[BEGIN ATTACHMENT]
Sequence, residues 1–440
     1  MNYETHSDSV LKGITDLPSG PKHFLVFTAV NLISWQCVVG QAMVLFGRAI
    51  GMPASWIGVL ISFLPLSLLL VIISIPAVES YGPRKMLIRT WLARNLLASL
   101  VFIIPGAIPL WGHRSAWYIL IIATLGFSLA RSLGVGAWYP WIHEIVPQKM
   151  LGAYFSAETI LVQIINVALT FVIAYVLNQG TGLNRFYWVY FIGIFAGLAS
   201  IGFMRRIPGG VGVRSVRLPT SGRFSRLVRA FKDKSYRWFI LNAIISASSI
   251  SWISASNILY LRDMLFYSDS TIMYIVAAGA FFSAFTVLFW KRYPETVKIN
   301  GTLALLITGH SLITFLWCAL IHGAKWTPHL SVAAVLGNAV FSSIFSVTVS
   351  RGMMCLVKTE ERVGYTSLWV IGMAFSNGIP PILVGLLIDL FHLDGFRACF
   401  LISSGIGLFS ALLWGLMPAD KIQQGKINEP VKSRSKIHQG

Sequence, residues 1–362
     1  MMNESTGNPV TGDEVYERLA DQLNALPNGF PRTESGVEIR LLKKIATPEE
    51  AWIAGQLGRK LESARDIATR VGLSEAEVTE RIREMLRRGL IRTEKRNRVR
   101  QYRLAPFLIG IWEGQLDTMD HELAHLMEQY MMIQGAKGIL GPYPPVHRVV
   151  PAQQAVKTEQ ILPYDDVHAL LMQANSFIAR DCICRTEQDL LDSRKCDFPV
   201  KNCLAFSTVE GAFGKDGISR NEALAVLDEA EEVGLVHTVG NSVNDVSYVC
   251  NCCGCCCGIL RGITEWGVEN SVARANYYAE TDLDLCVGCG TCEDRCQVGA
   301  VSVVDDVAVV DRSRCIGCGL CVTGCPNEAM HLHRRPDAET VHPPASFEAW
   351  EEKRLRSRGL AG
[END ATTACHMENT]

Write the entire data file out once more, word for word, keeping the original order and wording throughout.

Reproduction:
Sequence, residues 1–440
     1  MNYETHSDSV LKGITDLPSG PKHFLVFTAV NLISWQCVVG QAMVLFGRAI
    51  GMPASWIGVL ISFLPLSLLL VIISIPAVES YGPRKMLIRT WLARNLLASL
   101  VFIIPGAIPL WGHRSAWYIL IIATLGFSLA RSLGVGAWYP WIHEIVPQKM
   151  LGAYFSAETI LVQIINVALT FVIAYVLNQG TGLNRFYWVY FIGIFAGLAS
   201  IGFMRRIPGG VGVRSVRLPT SGRFSRLVRA FKDKSYRWFI LNAIISASSI
   251  SWISASNILY LRDMLFYSDS TIMYIVAAGA FFSAFTVLFW KRYPETVKIN
   301  GTLALLITGH SLITFLWCAL IHGAKWTPHL SVAAVLGNAV FSSIFSVTVS
   351  RGMMCLVKTE ERVGYTSLWV IGMAFSNGIP PILVGLLIDL FHLDGFRACF
   401  LISSGIGLFS ALLWGLMPAD KIQQGKINEP VKSRSKIHQG

Sequence, residues 1–362
     1  MMNESTGNPV TGDEVYERLA DQLNALPNGF PRTESGVEIR LLKKIATPEE
    51  AWIAGQLGRK LESARDIATR VGLSEAEVTE RIREMLRRGL IRTEKRNRVR
   101  QYRLAPFLIG IWEGQLDTMD HELAHLMEQY MMIQGAKGIL GPYPPVHRVV
   151  PAQQAVKTEQ ILPYDDVHAL LMQANSFIAR DCICRTEQDL LDSRKCDFPV
   201  KNCLAFSTVE GAFGKDGISR NEALAVLDEA EEVGLVHTVG NSVNDVSYVC
   251  NCCGCCCGIL RGITEWGVEN SVARANYYAE TDLDLCVGCG TCEDRCQVGA
   301  VSVVDDVAVV DRSRCIGCGL CVTGCPNEAM HLHRRPDAET VHPPASFEAW
   351  EEKRLRSRGL AG